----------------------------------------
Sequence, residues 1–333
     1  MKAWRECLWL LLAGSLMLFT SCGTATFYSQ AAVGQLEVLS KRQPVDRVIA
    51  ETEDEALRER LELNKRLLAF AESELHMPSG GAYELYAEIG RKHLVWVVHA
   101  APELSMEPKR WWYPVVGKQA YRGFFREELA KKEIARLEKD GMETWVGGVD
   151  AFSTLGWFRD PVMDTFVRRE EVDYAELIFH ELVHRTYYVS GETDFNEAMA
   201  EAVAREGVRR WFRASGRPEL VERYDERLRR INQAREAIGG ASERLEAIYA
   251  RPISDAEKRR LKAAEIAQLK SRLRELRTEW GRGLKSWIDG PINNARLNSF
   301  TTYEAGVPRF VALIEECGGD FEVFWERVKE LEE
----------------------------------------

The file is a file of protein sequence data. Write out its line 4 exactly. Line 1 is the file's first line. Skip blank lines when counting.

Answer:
   101  APELSMEPKR WWYPVVGKQA YRGFFREELA KKEIARLEKD GMETWVGGVD